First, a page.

How To

Snap Jigging Early Summer Walleyes

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Some call it snap jigging, others rip jigging, hopping, or popping. Whatever the name, it's effective for early summer 'eyes.

Some call it snap jigging, others rip jigging, hopping, or popping. Whatever the name, it's effective for early summer 'eyes.

Snap jigging for walleye is a key technique in late spring and early summer. If you want to catch limits of big walleyes right now, take this guide’s advice and start snapping them up.

The jig slips into a world of minnows. It rises and drifts, pops and slides. Clearly different, somehow the same, it looks right at home but stands out. It’s getting away, and now it’s not.

“Snap jigging means different things to different people,” says Jeff Sundin, guide with the Early Bird Fishing Guide out of Deer River, Minnesota. “Some call it snap jigging, others ‘rip jigging.’ There’s hopping, popping—it’s never exactly all the same. Put 12 snap jiggers in the room and you’ll get 12 different versions.”

Snap jigging is the act of “popping” a jig so it rapidly darts upward in the water column, then slowly descends back toward the bottom. The fast, escaping baitfish action gets the fish’s attention because an easy meal is getting away, and the fish often strike on the drop. Usually the physical movement is a quick wrist move like snapping a yo-yo back up to your hand, but intensity if modified depending on various factors, including the mood of the fish. During the early season, Sundin likes a softer, shorter snap that doesn’t pull the bait too far from the fish.

Sundin plies his dialed-down version of snap jigging when walleyes are shallow. Classic snap jigging requires heavy stuff, moving quickly and covering water at a fast clip. Sundin, though, isn’t as aggressive as some guys during the early season. He uses a six-and-a-half-foot, medium-light power spinning rod and four- to six-pound line, and tries to keep the boat at or below one milep er hour. He also restrains his actual jigging, moving the jig only five to six inches at a time.

Sundin pitches the jig a “comfortable, short distance” when walleyes are in five feet of water or less. As the jig sinks, he starts with the rod tip pointing up at 11 o’clock. As it touches bottom, he drops the rod tip to create slack then snaps it back up.

“As soon as I feel the weight of the jig, I stop,” he said. “I’m only popping it five to six inches off bottom then letting it drift on a semi-tight line with the boat moving slowly. Then, I drop the tip, push slack into the line, and snap it again. When we’re fishing a sand flat, dragging bottom rarely triggers a strike. The guy who gets snagged up the most is the guy catching the fewest fish. The jig may hit bottom, but there’s no requirement to hit bottom. We’re trying to snap it while it’s hovering just off bottom.”

“When walleyes key on shiners in lakes with big, shallow flats, they move up into water less than 4-feet deep. They’re so shallow you can actually see them," said Sundin.

When walleyes key on shiners in lakes with big, shallow flats, they move up into water less than four feet deep. They’re so shallow you can actually see them.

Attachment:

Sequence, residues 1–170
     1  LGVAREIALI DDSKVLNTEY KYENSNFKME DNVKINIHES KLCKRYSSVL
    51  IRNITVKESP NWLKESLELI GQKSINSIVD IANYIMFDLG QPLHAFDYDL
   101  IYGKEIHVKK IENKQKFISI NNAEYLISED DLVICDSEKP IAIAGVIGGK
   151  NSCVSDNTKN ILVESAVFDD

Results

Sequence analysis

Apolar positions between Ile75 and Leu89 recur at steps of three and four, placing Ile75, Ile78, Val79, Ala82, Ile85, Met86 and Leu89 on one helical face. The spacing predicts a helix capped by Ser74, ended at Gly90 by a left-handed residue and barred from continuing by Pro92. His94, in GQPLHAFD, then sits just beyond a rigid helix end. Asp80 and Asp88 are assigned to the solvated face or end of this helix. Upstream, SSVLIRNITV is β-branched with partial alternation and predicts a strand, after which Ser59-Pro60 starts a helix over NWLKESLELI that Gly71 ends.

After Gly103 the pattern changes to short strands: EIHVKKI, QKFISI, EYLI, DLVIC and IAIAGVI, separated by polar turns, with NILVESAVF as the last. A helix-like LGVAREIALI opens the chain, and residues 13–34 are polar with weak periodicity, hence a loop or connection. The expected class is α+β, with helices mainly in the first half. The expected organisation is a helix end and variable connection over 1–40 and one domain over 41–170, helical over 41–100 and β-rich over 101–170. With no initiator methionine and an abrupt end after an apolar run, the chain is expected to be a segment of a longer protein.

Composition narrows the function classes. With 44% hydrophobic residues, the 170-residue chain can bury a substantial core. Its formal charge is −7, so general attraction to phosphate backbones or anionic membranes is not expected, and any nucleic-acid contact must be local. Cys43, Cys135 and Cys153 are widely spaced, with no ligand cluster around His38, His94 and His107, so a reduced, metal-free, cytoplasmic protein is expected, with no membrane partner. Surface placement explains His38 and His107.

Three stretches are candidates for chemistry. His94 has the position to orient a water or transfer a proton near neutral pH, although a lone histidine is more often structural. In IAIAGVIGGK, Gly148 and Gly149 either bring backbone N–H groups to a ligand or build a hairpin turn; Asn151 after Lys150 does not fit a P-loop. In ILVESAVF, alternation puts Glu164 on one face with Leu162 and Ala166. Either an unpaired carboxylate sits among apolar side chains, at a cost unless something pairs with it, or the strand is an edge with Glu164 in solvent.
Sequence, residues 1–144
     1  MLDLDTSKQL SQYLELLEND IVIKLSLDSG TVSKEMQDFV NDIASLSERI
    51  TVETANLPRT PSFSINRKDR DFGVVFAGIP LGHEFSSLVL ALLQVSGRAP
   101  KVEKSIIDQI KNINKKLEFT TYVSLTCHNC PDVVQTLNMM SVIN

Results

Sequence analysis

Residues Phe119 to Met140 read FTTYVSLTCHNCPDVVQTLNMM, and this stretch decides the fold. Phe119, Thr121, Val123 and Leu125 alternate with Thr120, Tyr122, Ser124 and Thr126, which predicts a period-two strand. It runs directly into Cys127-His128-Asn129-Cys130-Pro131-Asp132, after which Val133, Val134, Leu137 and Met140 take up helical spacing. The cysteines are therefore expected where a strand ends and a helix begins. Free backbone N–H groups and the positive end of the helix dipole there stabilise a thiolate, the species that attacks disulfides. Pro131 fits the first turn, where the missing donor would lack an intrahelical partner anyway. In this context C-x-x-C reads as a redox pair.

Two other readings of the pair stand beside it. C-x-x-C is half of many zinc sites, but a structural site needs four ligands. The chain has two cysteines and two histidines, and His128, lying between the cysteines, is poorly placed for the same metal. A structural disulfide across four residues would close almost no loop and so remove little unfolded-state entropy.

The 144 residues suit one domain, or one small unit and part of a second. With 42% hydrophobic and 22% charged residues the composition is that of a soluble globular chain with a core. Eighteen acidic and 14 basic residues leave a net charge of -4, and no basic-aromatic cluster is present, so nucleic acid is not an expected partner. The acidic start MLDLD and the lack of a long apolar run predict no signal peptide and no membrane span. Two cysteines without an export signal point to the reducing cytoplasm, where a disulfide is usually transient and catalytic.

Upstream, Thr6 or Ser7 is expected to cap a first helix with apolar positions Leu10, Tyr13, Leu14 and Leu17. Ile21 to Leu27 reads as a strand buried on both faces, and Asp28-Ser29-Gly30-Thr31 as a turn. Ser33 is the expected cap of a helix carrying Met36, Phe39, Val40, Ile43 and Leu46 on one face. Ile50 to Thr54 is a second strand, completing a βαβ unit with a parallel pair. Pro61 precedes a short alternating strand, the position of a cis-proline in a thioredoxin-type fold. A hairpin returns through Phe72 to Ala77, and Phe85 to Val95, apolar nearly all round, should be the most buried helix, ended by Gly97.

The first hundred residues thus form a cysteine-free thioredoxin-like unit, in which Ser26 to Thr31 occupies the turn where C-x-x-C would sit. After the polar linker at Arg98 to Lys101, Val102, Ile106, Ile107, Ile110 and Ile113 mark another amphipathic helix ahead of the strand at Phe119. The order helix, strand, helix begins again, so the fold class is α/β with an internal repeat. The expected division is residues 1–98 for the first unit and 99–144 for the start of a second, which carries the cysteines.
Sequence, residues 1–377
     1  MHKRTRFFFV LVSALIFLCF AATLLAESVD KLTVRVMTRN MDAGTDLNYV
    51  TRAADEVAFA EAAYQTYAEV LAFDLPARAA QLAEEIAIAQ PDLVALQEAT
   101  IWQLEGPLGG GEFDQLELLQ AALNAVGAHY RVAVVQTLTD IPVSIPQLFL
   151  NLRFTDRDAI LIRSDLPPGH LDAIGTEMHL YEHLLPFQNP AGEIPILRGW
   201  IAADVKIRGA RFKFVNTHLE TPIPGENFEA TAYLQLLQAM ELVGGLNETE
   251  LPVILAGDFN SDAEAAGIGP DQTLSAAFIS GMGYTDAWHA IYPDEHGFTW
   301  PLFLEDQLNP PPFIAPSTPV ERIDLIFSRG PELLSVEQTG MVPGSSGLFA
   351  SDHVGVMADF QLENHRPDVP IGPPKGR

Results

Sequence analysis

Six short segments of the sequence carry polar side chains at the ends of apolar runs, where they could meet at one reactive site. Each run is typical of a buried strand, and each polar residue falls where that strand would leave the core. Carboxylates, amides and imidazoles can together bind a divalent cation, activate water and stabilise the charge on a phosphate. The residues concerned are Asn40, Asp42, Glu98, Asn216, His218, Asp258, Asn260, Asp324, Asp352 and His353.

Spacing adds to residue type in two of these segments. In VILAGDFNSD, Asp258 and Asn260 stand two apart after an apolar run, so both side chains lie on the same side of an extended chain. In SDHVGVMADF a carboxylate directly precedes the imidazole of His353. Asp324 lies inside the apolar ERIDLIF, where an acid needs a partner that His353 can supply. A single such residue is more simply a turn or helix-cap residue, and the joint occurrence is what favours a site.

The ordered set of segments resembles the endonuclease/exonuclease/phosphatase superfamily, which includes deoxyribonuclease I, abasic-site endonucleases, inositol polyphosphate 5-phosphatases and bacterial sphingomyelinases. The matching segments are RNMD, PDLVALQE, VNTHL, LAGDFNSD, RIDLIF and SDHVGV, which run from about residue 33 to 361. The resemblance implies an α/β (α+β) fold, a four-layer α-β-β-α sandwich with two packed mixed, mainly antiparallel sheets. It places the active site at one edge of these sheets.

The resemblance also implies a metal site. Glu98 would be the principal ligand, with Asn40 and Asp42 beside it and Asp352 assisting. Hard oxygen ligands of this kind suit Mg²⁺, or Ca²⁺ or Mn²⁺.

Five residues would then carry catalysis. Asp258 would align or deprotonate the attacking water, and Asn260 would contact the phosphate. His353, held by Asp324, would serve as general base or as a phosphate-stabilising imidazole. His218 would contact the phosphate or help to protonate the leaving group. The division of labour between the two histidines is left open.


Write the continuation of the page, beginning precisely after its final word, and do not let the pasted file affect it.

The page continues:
Early walleyes are shallow walleyes. Until surface temperatures hit the mid 60s, walleyes will be where the bait is. After a long, hard winter, baitfish want to be in the warmest available water, which tends to be close to the bank.

Add baitfish spawns into the equation and there’s another reason for shallow walleyes. Shiners and perch are the most important forage in Sundin’s neck of the woods.

“Shiners spawn in spring and they go right up into two feet of water,” Sundin said. “When walleyes key on shiners in lakes with big, shallow flats, they move up into water less than four feet deep. They’re so shallow you can actually see them.”

Jig weight is based on where the fish are. At the earliest stages of summer, Sundin is still using 1/8-ounce jigs. He starts out in spring with a 1/16-ounce Lindy Jig tipped with a shiner, rainbow, or fathead in that order of preference. When the water hits the mid 50s and perch are spawning in depths of four to six feet, he moves up to a 1/8-ounce jig.

“That’s the weight we snap jig with at least 65 percent of the time,” he said. “But when walleyes move out to depths of 10 to 12 feet a little later, we use 1/4-ounce heads. If it’s windy, we might go as heavy as 3/8-ounce. At 12 feet you need lighter line to rifle casts farther from the boat so it swings back into that close, comfortable range best for controlling the jig. We keep tipping with minnows, bringing the hook out in the center of the skull. When rigged perfectly, the mouth of the minnow is against the round ball of the jig.”

On wind-swept, sandy lakes with a lot of sand grass and few taller weedlines, Sundin finds walleyes doubling back into the shallows a lot in summer, especially shallow rocks in four to seven feet of water. When this occurs, he often throws a Watsit Jig minus the bait.

“I really like the Watsit more and more the later it gets,” he said. “We snap it in a similar fashion, but we’re trying to imitate crayfish a little more on those shallow rocks. The Watsit has a way of darting forward then falling back in a semi-circle. If you put anything on it, it won’t perform as well. That circling action triggers walleyes without any other incentive required.”

Snap jigging is effective any time walleyes are in relatively shallow water regardless of time of year. Most of the time the only reason the fish are in less than 8 feet of water is because that’s where the food is, so they’re susceptible to a jig popped up right in front of their faces.

Snap, drift, pop. Sounds like a breakfast cereal. But in practice, Sundin’s version of snap jigging is more like Muhammad Ali. It floats like a butterfly, stings like a bee.

Images courtesy PRADCO Fishing

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